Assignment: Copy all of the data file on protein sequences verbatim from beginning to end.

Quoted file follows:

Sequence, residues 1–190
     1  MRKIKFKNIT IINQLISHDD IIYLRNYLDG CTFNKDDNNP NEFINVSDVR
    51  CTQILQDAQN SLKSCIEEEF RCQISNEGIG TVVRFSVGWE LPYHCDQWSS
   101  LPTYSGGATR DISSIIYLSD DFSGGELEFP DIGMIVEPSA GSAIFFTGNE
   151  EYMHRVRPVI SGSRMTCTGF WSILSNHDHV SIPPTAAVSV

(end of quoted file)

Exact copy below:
Sequence, residues 1–190
     1  MRKIKFKNIT IINQLISHDD IIYLRNYLDG CTFNKDDNNP NEFINVSDVR
    51  CTQILQDAQN SLKSCIEEEF RCQISNEGIG TVVRFSVGWE LPYHCDQWSS
   101  LPTYSGGATR DISSIIYLSD DFSGGELEFP DIGMIVEPSA GSAIFFTGNE
   151  EYMHRVRPVI SGSRMTCTGF WSILSNHDHV SIPPTAAVSV